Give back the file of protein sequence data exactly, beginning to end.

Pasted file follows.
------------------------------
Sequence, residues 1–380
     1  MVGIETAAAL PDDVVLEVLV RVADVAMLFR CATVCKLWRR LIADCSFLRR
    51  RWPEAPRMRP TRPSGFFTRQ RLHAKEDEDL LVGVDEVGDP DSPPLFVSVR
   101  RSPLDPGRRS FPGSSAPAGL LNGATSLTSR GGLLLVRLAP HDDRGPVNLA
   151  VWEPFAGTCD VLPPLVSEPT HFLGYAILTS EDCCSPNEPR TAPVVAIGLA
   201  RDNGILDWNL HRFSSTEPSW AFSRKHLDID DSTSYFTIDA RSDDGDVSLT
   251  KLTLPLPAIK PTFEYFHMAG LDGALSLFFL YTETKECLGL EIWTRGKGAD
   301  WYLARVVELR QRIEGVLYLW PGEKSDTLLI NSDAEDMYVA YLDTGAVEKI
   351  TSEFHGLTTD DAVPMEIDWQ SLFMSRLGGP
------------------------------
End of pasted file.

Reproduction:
Sequence, residues 1–380
     1  MVGIETAAAL PDDVVLEVLV RVADVAMLFR CATVCKLWRR LIADCSFLRR
    51  RWPEAPRMRP TRPSGFFTRQ RLHAKEDEDL LVGVDEVGDP DSPPLFVSVR
   101  RSPLDPGRRS FPGSSAPAGL LNGATSLTSR GGLLLVRLAP HDDRGPVNLA
   151  VWEPFAGTCD VLPPLVSEPT HFLGYAILTS EDCCSPNEPR TAPVVAIGLA
   201  RDNGILDWNL HRFSSTEPSW AFSRKHLDID DSTSYFTIDA RSDDGDVSLT
   251  KLTLPLPAIK PTFEYFHMAG LDGALSLFFL YTETKECLGL EIWTRGKGAD
   301  WYLARVVELR QRIEGVLYLW PGEKSDTLLI NSDAEDMYVA YLDTGAVEKI
   351  TSEFHGLTTD DAVPMEIDWQ SLFMSRLGGP